• Whether the individual was authorized as a check signatory.

It is important for legal counsel to develop a detailed working knowledge of how the corporate affairs were handled and how any other factors might assist in the evaluation. Because the burden of proof to overcome a sales tax assessment rests with the taxpayer, it is important to obtain third-party confirmation of the factual results. Such evidence must show that the individual did not possess sufficient knowledge, control, or discretion over business affairs.

The importance of the above analysis is to show that a corporate officer, shareholder, or director is not per se personally liable under Tax Law section 1131(1). The tax law does, however, impose per se or strict personal liability on “any member of a partnership or limited liability company.” This personal liability is imposed regardless of such partner’s or member’s percentage of ownership and involvement in the operation and management of the organization. The statute will include any member of a partnership or limited liability company (LLC), even if the member has no involvement in the management of the company. Regarding Bartolomei, the Tax Appeals Tribunal affirmed the statutory imposition of strict liability on a limited partner or LLC member. A New York State Conciliation Conference Hearing Officer, in a recent conversation with this author regarding the statute and Albany’s current position regarding enforcement, stated that her instructions are to interpret the statute according to its plain language and to apply strict liability. It is unclear whether interposing an inactive S corporation as a partner or member (instead of individual membership) would absolve a nonactive member from liability through the corporate analysis previously described.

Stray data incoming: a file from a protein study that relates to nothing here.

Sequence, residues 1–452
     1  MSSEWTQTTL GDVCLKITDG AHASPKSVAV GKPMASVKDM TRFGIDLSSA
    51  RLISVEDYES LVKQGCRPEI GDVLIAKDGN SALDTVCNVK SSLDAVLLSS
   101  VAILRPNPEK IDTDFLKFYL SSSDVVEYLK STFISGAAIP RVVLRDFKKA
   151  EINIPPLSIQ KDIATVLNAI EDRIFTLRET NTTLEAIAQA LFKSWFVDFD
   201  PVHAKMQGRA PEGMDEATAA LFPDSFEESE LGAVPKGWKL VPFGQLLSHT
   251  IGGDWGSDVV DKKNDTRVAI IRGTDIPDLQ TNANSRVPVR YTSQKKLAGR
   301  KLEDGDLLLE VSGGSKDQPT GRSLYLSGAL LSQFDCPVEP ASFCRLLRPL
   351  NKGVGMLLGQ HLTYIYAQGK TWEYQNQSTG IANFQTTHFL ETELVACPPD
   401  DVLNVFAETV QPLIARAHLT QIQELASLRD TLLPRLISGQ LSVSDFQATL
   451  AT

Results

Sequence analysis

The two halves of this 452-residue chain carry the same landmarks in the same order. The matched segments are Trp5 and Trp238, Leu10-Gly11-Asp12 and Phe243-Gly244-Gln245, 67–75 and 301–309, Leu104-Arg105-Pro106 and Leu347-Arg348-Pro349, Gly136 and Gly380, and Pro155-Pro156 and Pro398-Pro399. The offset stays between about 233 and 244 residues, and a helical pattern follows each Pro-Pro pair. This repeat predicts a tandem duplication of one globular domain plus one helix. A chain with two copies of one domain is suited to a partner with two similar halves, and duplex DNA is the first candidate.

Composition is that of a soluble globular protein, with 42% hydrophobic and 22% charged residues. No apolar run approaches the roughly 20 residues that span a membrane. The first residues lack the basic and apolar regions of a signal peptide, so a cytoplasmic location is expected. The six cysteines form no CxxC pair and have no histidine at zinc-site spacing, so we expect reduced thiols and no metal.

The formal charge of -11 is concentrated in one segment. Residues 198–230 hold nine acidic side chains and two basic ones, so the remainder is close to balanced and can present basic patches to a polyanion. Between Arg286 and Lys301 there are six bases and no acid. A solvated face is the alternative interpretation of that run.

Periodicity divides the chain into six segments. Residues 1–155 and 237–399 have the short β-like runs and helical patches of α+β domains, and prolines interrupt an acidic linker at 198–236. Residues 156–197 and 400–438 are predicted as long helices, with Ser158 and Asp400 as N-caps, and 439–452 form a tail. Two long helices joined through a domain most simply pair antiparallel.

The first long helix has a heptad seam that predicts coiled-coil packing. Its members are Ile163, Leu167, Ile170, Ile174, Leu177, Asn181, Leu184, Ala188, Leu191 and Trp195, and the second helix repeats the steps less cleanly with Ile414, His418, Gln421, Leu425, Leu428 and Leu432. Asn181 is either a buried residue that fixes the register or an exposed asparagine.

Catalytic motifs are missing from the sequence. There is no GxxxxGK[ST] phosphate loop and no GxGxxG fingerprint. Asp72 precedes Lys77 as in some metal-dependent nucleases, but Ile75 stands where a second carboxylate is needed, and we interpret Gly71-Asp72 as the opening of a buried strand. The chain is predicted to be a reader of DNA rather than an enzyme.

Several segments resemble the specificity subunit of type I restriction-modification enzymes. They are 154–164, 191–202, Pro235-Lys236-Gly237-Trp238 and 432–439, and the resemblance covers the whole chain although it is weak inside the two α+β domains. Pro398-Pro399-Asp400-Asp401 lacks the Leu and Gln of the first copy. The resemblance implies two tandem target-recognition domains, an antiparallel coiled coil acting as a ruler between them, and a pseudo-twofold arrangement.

Choose the Form of Business Carefully

Professional advisors should consider sales tax implications when evaluating business entity considerations. The corporate form of organization should be considered to protect a minority or inactive shareholder. Noncontrolling shareholders should take steps to avoid personal sales tax liability. As long as a shareholder lacks the requisite discretion and authority over corporate transactions, he will not incur personal liability.

Proving the level of corporate control and discretion possessed by an individual shareholder is often difficult. The inquiry is often raised by the New York State Tax Department at a time when shareholders are on unfriendly terms and documents are not readily available. A copy of bank records can prove that an individual is not an authorized account signatory. Additionally, the shareholder agreement can confirm the degree of responsibility levels and authority for corporate officers. Indemnity agreements may also be useful to more fully protect inactive shareholders or investors.

Robert S. Barnett, CPA, JD, MST, is a partner in Capell Barnett Matalon & Schoenfeld LLP, Jericho, N.Y.